Now, with the somewhat imprecision of the lunar calendar, Egyptians improved their understanding of the astronomical cycles and must have soon learned that the heliacal rising of Sirius would happen once every 365 days. This led the Egyptians to create a second calendar, which we call the civil or administrative calendar. While this calendar did not follow the phases of the moon or other astronomical events, it was exact and precise, and perfectly suited to organising their perception of time. They ordered the administrative calendar to include 12 months, each of 30 days, which equaled 360 days. Because an astronomical year is 365.25 days long, each Egyptian year also included five epagomenal days (from Greek Epagómenos) to account for this irregularity.
These epagomenal days were observed outside the regular calendar months, and compensated for the missing five days throughout the months. These “five days upon the year,” which were always observed after the last day of the fourth month (Mesore) of Shemu, were each associated with an Egyptian deity: Osiris, Horus, Seth, Isis, and Nephthys. In many cultures, intercalary days are celebrated in association with the divine, such as the intercalary Festival of Ayyám-i-Há of the Bahá’í Faith. In Egypt, these days anticipated the reappearance of the dog star Sothis (called Sopdet by the Egyptians) after its 70 day absence in the sky. Ideally, its reappearance would coincide with the first day of the new year, when the Nile inundation was at its highest, but due to the “wandering year,” this only occurred around every 1460 years. The heliacal rising of Sopdet could still be celebrated symbolically when it did not coincide with the new year, however.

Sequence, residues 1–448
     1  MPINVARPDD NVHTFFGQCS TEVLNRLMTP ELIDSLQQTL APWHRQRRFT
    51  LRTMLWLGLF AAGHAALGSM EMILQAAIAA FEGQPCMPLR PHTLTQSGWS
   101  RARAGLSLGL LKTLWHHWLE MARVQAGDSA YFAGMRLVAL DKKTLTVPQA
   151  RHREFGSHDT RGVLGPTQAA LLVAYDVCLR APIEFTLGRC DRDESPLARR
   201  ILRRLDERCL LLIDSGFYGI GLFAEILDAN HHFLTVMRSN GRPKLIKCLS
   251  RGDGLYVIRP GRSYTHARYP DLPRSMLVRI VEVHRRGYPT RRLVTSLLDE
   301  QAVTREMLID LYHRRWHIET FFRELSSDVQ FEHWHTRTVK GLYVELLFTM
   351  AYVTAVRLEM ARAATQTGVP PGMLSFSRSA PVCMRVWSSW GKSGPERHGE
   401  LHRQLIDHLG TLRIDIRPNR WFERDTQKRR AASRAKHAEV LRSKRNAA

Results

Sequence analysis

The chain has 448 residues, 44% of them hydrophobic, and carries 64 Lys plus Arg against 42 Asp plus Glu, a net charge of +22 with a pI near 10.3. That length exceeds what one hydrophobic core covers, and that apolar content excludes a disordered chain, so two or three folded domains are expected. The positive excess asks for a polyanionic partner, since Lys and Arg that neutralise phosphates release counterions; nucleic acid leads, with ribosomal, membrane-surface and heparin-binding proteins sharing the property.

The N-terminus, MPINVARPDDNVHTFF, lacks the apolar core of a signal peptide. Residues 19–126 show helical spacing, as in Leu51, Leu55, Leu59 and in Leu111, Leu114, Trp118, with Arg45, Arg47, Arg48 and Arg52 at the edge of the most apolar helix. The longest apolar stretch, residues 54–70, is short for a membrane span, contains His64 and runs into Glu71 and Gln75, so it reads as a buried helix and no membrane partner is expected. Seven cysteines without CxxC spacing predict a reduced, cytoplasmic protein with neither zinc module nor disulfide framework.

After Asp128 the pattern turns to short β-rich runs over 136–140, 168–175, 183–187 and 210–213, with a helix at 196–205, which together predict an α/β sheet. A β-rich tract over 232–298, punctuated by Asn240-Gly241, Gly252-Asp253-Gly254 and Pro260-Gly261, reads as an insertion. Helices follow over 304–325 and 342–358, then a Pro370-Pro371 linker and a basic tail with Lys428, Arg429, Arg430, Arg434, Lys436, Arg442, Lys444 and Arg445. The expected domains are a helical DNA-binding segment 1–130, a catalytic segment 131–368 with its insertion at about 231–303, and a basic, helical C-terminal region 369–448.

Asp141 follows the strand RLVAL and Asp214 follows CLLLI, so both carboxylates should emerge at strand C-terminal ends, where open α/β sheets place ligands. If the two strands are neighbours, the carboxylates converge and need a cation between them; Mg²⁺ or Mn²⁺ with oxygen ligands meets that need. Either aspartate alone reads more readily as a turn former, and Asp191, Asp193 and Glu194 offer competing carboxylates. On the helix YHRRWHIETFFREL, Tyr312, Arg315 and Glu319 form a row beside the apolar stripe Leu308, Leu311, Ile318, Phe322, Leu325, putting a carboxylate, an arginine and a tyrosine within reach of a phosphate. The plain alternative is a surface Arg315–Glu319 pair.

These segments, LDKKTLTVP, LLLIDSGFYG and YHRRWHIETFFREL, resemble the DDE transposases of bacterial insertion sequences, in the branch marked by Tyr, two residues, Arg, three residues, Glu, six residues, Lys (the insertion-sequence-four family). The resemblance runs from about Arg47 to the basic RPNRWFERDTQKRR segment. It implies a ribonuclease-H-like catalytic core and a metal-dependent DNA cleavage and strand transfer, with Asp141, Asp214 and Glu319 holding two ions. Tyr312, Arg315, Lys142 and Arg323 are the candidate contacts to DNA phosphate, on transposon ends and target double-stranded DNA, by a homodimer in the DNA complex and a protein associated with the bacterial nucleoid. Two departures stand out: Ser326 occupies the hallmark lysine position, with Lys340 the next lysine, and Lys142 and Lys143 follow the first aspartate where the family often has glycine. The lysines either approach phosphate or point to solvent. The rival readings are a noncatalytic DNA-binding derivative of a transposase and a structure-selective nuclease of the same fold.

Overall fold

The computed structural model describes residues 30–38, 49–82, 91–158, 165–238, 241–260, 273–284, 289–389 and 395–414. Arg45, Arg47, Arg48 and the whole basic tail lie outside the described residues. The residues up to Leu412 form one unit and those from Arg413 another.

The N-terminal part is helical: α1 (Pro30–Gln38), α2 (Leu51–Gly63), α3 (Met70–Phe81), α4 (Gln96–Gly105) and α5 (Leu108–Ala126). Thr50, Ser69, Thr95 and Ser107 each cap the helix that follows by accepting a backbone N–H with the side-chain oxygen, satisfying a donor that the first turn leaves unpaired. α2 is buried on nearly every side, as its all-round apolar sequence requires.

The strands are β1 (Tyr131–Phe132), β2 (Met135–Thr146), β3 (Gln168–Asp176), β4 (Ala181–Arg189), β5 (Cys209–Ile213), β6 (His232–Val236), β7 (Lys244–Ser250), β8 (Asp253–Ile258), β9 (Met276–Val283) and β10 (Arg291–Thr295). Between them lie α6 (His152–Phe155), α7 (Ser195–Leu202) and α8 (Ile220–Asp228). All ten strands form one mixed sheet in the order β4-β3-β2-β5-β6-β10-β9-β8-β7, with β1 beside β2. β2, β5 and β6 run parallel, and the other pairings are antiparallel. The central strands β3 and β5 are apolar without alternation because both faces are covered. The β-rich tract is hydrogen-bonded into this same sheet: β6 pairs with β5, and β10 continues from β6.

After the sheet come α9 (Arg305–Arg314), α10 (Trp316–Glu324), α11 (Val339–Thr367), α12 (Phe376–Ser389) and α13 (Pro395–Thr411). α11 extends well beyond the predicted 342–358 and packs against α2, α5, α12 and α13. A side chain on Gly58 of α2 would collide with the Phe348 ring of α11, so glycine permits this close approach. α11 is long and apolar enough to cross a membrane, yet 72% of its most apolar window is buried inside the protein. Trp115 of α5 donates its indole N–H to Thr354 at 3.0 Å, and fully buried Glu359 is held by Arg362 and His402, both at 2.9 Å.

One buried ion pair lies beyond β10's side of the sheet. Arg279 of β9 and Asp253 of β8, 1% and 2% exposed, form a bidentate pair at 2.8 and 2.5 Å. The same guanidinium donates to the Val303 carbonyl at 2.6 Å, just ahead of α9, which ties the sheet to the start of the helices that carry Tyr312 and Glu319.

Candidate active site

The Egyptians did not have a system for compensating each year’s additional missing quarter-day (the Gregorian calendar accounts for these days through the “leap year” system of adding one intercalary day every four years). Losing a quarter-day from the calendar each year resulted in the civil and solar calendars becoming more out of sync every year, a process we call the “wandering year.” During the Ptolemaic period, an additional intercalary day was added to the five epagomenal days every four years to ensure that the civil calendar would remain synchronized with the solar calendar.
With the lunar calendar most likely having been created in Predynastic Times, it would go on to be used throughout pharaonic times for keeping track of religious festivals (learn more from this The Dead Speak Online video). When the civil calendar came about in the early Old Kingdom, it was symbiotically used for thousands of years for administrative matters and is still kept alive today in the traditions of the Coptic Church.
- From Joshua Roberson’s “The Rebirth of the Sun.”
- Heqanakht Account VII, Metropolitan Museum of Art (22.3.522)
- From the translation by John Foster in Journal of Near Eastern Studies 34(1) (1975): 17
- N. St. Fleur, “Volcanoes Helped Violent Revolts Erupt in Ancient Egypt” published in NYTimes on 17 Oct. 2017
- From the article by Joseph Leibovitch in Journal of Near Eastern Studies 12(2) (1953): figure 12
- Facsimile by Charles K. Wilkinson, Metropolitan Museum of Art (48.105.52)
- P.Ebers Taf. I – Papyrus und Ostraka Projekt, Universität Leipzig
- Kamrin, Janice. “Telling Time in Ancient Egypt.” In Heilbrunn Timeline of Art History. New York: The Metropolitan Museum of Art, 2000–. (February 2017).
- Parker, Richard. The Calendars of Ancient Egypt. Studies in Ancient Oriental Civilization 26. Chicago: University of Chicago Press. (1950).
- Roberson, Joshua. “The Rebirth of the Sun.” In Expedition Magazine 50 (2) Penn Museum. (July 2008).